[ Ethel Mannin, novelist and travel writer. ] Typed Card Signed ('E M') to Sewell Stokes, explaining why she declines to write an introduction for his autobiography, and referring to Isadora Duncan.

Ethel Mannin [ Ethel Edith Mannin ] (1900-1984), novelist, travel writer and socialist [ Francis Martin Sewell Stokes (1902-1979), author and broadcaster ]
Publication details: 
Wimbledon [ London ] postmark. 23 May 1934.

Unillustrated official 'POST CARD' with printed penny stamp. Addressed on one side, with Wimbledon postmark, to 'Sewell Stokes, Esq., | 53, Holland Park, W.11.' In good condition, lightly aged and worn. Twelve typed lines of text. The subject of the text is Stokes's forthcoming autobiography 'Monologue' (Hutchinson, 1934), with Mannin referring to her own 'Confessions and Impressions' (Jarrolds, 1930). After thanking him for his letter she writes: 'I am glad you have decided to dispense with an introduction to the book – books, particularly of this kind, should stand on their own legs . . .

[ Privately-printed item. ] Early Memories for the Children | By the Author of "Tom Brown's Schooldays."

[ Thomas Hughes (1822-1896), author of 'Tom Brown's Schooldays' ]
Publication details: 
London: Thomas Burleigh. 1899. 'For private circulation only.' [ Barnicott and Pearce, Printers, Taunton. ]

[4] + 78pp., 12mo. In original grey-green printed wraps. Presentation inscription on fly-leaf, dated January 1907. The volume comprises three pieces. First, an untitled memoir, with footnote at end: 'My father begun [sic] this autobiography at the request of my brother Jack, and after his death did not continue it.'; second, an account of a street fight between a policeman and a 'bone-picker', titled 'A Street Adventure, 1845'; lastly, 'The Working Men's College'. Four copies on COPAC, but now uncommon.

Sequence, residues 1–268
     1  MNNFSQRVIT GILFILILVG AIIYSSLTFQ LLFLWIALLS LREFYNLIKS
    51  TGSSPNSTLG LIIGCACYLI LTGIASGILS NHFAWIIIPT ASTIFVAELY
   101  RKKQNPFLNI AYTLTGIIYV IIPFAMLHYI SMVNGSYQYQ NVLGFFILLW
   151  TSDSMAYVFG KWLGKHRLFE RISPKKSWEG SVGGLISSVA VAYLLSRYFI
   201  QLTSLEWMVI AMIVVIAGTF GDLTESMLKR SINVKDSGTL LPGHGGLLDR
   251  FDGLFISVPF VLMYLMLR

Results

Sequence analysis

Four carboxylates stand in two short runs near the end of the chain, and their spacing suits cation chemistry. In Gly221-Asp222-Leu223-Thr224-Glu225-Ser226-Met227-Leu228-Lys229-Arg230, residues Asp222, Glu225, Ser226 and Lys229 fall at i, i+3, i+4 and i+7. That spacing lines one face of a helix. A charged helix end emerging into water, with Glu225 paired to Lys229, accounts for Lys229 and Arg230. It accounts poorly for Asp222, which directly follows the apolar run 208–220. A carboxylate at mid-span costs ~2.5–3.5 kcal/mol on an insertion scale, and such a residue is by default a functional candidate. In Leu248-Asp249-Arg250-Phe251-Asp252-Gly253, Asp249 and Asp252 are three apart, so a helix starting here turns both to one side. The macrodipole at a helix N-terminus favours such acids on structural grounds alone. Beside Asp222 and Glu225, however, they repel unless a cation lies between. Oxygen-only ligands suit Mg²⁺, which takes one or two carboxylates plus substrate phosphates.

[ Vera Dart, social worker and Labour Party politician. ] Duplicated Typescript of unpublished autobiography titled 'My Six Lives in a Changing World'.

Vera Dart (1892-1984), social worker and Labour Party politician, born in Liverpool [ Women's Voluntary Service for Civil Defence; London County Council ]
Publication details: 
Place and date not stated. [ London, c. 1977. ]

[3] + ii + 152pp., 4to. Perfect bound, with each page on a separate leaf. In fair condition, aged and a little dogeared. Title-page reinforced at fore-edge. Missing the last page or so of the 'Conclusion'.

[Hannen Swaffer and Walter Macqueen-Pope.] Collection relating to an abortive collaborative attempt at a 'biography' of Swaffer for Odhams Press, with drafts of chapters (with anecdotes on Churchill, H. G. Wells, Lloyd George) and original letters.

Hannen Swaffer (1879-1962), doyen of English journalists, known as 'The Pope of Fleet Street'; Walter Macqueen-Pope (1888-1960), theatre manager and historian [Odhams Press; Maurice Barbanell]
Publication details: 
[London: 1955.]

In very good condition, on aged paper, in a brown card folder. The material in this collection relates to a book that was never published, and included here are copies of two typed letters from WMP to HS, casting light on the nature of this doomed collaborative project. In WMP's first letter, dated 26 July 1955, he writes to 'Dear Swaff' to 'finalise the manner in which your book is to be written'. Presaging future problems he urges him: 'I do entreat you to remember the fact that a book is different to a series of paragraphs. It must have cohesion.

[Typescript; autobiographical novel; Unpublished] Personnel

"Owen Edwards" [pseud. for Edward Owen Marsh, linguist, author, schoolmaster - translator of Anouilh, Cocteau, Gogol, etc.]
Publication details: 
'Property of: Owen Edwards, 112 Fitzjohns Avenue, London, NW3' [Written before 1956 when Marsh moved from 112 Fitzjohns Avenue to Tanza Road

Typescript, 242pp., 4to, brown paper wraps, damage to top of spine but no loss, label on front with author ("Owen Edwards") and title. A semi-autobiographical novel based on Marsh's experiences during the Second World War in the London Ambulance Service. Initially a "Notice" "The characters in this book are fictitious. Some of the incidents are naturally based on real happenings during the war but they are none of them wholly accurate[...]". The novel starts with the hero, Lang, joining the Service.

Autograph Card Signed from Sutro to Hicks.

Alfred Sutro (1863-1933), British author and dramatist; Seymour Hicks (1871-1949)
Publication details: 
26 October [no year, but c.1910]; on letterhead 31 Chester Terrace, Regent's Park [London].

One page, on piece of grey card roughly three and a half inches by four and a half wide. Very good. Twelve lines and one-line postscript in Sutro's tiny and difficult hand. Sends his 'sincerest congratulations on the best volume of memoirs I have read this many a day' (Hicks published his autobiography in 1910). 'There isn't a dull line in it from start to finish; I could dine out for a week on the stories'. Reference to Irving and other actors. Ends 'A damned good book, Seymour! Tous mes compliments!' Postscript reads 'This does NOT require an answer!'

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